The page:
A couple of weeks ago I was talking about which activities made you sweat the most (Swimming, cycling or running – which exercise is the thirstiest?), which all came from a question someone asked me a little while back – Do you sweat when you swim?

A very good question, and I’ve done more research so I can give you a really good and specific answer…

One of the great advantages to swimming is that when you’re done you’re soaking wet – which can make it look like you’ve worked out really hard. You might reek of unpleasant pool chemicals but at least you don’t have to worry about sweat. Right?

Well, actually, you do, yes!

As we know, sweating is the primary means for the body to cool down during exercise. The environmental temperature (in this case the temperature of the water) and how hard you work out both have a major impact on heat loss and therefore your sweat rate – and dehydration. But since you’re immersed in water and usually don’t notice that you’re sweating, you also may not realise you’re getting parched on the inside.

Put simply, hydration can present an extra challenge when you are exercising in the water because it decreases your ability to sense sweating and dehydration.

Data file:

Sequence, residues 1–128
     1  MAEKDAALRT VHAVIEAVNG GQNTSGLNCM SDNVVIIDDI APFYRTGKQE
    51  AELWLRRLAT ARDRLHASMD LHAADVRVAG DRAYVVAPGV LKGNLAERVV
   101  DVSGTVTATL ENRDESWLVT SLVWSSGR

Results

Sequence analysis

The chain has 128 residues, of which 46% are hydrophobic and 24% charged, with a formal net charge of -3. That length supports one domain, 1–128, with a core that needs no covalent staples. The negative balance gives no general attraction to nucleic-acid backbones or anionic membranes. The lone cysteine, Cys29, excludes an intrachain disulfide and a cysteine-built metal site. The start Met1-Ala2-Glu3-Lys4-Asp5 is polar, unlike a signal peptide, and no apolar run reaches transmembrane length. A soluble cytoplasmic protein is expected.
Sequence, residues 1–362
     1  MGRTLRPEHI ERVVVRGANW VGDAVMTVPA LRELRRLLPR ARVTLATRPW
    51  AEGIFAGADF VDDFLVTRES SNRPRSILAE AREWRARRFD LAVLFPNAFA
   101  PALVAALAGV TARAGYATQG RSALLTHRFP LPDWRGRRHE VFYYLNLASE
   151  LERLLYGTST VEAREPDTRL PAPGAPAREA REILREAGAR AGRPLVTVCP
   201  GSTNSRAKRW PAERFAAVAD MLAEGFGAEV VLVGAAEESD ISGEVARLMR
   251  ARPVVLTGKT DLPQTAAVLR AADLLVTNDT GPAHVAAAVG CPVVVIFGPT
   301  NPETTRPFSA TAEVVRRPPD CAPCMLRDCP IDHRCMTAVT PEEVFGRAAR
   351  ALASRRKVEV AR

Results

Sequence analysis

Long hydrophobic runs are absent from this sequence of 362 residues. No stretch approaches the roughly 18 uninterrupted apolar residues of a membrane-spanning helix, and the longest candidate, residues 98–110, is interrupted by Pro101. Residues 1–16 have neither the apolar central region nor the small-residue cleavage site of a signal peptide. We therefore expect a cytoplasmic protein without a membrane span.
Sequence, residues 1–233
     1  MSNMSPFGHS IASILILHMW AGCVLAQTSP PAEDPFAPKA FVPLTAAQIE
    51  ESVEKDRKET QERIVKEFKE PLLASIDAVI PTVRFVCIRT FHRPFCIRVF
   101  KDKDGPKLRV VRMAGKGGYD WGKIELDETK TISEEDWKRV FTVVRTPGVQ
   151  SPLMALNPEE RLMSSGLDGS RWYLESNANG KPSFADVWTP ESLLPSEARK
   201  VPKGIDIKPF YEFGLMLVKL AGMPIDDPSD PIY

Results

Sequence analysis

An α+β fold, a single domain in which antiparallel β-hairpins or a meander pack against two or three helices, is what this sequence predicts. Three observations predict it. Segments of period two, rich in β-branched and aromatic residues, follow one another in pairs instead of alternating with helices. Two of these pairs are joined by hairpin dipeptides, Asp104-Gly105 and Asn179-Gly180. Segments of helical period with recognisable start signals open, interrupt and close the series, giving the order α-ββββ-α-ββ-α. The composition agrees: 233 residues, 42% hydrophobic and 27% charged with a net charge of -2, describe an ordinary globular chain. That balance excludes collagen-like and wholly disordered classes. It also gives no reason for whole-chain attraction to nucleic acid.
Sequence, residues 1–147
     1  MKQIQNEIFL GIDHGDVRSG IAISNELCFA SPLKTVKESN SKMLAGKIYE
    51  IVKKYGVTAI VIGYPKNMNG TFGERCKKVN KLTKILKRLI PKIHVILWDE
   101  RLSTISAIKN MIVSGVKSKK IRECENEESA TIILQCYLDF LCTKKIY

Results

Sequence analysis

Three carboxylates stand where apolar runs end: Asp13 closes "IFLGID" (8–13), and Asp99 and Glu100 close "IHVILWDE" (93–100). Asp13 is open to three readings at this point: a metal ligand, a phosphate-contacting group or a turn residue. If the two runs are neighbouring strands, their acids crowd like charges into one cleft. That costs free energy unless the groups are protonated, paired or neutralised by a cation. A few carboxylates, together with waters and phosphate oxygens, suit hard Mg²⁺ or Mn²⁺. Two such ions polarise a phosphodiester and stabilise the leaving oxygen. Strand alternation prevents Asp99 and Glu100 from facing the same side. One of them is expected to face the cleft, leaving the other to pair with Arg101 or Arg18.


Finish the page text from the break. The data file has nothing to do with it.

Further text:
In most sporting conditions when the athletes are working hard, scientists tell us to expect sweat rates of 1-1.5 litres per hour. But these figures apply to athletes exercising on land. What about swimmers, surfers, water polo players, water aerobics devotees and lifesavers? As it is difficult to determine the amount you sweat because you’re already wet, the best way to assess how much fluid you lose during a training session is by weighing yourself pre and post training. According to the Sports Dietitians Association of Australia, for every 1 kilogram lost, 1.5 litres of fluid needs to be replaced.

So where does the sweat go? Into the environment. If you are on dry land, it will evaporate due to the cooling effects of the air or you’ll end up with salty sweat stains on your clothes. But since you are actually in water then it will end up, well, in the water. Which isn’t has horrible as it sounds because the volume of water you are perspiring is certainly minimal in relation to the body of water you are in.

Don’t let the sweat in the water put you off swimming in a pool full of sweaty people, however. Thankfully the pool is treated with chemicals to minimise problems associated with contamination. But remember that even though you are surrounded by water, you can still become dehydrated.

Bottom line: To prevent dehydration, drink water between laps and after you’ve finished training. If you’re performing high-intensity training, or swim for more than 60 minutes, keep hydrated throughout the day and consume sports drinks before and during the training session to replace the salts lost due to excessive sweating.

Kathleen Alleaume

Kathleen Alleaume is an accredited exercise physiologist and nutritionist and founder of The Right Balance